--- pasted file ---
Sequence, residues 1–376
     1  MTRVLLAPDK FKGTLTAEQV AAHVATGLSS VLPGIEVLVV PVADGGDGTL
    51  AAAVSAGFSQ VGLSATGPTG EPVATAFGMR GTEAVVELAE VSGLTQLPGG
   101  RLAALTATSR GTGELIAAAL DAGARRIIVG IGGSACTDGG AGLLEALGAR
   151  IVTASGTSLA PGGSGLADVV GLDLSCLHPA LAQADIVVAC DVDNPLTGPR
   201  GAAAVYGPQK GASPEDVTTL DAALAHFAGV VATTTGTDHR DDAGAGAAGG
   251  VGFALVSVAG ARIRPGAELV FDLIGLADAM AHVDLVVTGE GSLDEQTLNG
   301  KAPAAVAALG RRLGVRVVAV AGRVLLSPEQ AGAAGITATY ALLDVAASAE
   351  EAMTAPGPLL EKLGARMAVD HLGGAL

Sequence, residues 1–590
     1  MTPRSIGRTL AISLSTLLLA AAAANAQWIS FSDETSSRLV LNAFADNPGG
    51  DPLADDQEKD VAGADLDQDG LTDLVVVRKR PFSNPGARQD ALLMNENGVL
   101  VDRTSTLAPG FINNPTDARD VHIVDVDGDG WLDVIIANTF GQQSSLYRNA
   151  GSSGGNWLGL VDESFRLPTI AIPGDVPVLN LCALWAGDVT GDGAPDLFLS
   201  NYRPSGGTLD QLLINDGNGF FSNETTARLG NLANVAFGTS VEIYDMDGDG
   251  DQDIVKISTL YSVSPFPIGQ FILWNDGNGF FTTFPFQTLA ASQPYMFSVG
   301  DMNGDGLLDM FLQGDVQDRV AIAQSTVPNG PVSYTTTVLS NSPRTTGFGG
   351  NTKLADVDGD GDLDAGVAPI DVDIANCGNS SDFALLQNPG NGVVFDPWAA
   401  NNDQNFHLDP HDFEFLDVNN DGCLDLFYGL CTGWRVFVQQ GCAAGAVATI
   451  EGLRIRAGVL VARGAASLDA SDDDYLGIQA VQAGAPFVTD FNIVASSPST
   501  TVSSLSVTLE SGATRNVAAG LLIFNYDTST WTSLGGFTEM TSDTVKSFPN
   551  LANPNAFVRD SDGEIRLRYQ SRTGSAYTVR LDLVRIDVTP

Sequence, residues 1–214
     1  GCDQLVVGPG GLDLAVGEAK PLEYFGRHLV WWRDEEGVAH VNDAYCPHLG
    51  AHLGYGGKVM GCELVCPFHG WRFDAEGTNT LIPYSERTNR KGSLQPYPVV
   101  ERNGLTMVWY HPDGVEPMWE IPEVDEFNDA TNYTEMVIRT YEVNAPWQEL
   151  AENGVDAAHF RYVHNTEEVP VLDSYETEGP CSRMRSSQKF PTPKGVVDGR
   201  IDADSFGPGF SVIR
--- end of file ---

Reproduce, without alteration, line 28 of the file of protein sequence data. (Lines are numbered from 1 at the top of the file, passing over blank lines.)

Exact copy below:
   201  IDADSFGPGF SVIR